University announces plans for 60th anniversary of integration

James Meredith (center) attends a ceremony to celebrate the naming of the Martingale-Cole Student Services Center in honor of Don Cole, a former student activist who became a beloved Ole Miss teacher and administrator of the campus, September 10, 2021. Photo by Logan Kirkland/Ole Miss Digital Imaging Services

OXFORD, Mississippi — On October 1, 1962, James Meredith became the first African American to enroll at the University of Mississippi. The events surrounding the integration were among the most significant in the history of the institution, and this year marks 60 years since Meredith became one of the heroic figures of the American civil rights movement.

With the theme “Mission Continues: Building on Legacy,” the university’s commemoration spans more than a year. A series of events, round tables, conferences, exhibitions and other activities are planned for the week of September 26, culminating with the integration anniversary on October 1.

Additionally, other activities and events will take place throughout the 2022-23 academic year.

“Honoring the anniversary of integration reminds us of our fundamental commitment as a community of scholars to educating the next generation of citizens,” said Chancellor Glenn Boyce. “Sixty years later, we continue to be inspired by the courage and perseverance James Meredith showed in coming to our university and how each of us has the power to effect change for a better community, a better Mississippi and a better world.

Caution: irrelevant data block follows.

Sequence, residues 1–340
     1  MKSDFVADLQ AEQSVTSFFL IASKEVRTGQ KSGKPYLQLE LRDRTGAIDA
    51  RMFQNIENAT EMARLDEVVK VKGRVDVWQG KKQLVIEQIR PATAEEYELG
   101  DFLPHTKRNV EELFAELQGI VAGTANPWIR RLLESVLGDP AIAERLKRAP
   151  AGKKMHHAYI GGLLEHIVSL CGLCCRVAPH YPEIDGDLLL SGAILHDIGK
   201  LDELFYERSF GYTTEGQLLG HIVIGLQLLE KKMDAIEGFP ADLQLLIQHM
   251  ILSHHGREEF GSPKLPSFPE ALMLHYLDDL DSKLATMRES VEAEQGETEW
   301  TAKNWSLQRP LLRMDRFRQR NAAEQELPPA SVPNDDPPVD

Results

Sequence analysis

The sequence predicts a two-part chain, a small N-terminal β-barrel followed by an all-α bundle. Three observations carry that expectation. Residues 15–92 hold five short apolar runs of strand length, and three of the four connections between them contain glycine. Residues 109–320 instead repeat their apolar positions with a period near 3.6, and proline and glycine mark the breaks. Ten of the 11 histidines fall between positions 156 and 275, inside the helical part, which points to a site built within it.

“As an institution of higher education, we recognize and embrace the transformative role that education plays in advocating for and helping all members of our community to thrive.”


Starting this fall, activities and events are planned throughout the 2022-23 academic year. Some of the highlights include:

  • Sept. 12-Oct. 13 2022: Civil Rights in the City of Oxford: Integrating Education Tours
  • September 26-30: Week of Service, a children’s literacy project centered on the four pillars of courage, opportunity, knowledge and perseverance
  • September 27: “Meredith and the Media: The Legacy of a Riot,” the Overby Center for Southern Journalism and Politics hosts a panel of journalists to discuss how media coverage of Meredith’s enrollment and the riot that followed shaped perceptions of the university
  • James Meredith during a video interview for the 60th anniversary of integration into the university. Photo by Logan Kirkland/Ole Miss Digital Imaging Services

    September 28: “The Mission Continues: Building on the Legacy,” signing event honoring Meredith and her contributions to the university

  • September 30: “Legacy Celebration”, a celebration of African-American firsts at UM
  • October 1: On-field reconnaissance for Meredith at the Ole Miss vs. Kentucky football game
  • October 2: Longest Table, an opportunity to share a meal and connect with others at a table that spans the circle
  • January 31, 2023: Open house, dinner and conversations with university administrators
  • February 7, 2023: Black History Month Keynote with Dr. Judy Meredith
  • February 17, 2023: Black Student Union’s 10th Annual Black History Month Gala
  • Until March 2023: UM Libraries exhibition, “Paving the Path: James Meredith and the Integration of the University of Mississippi”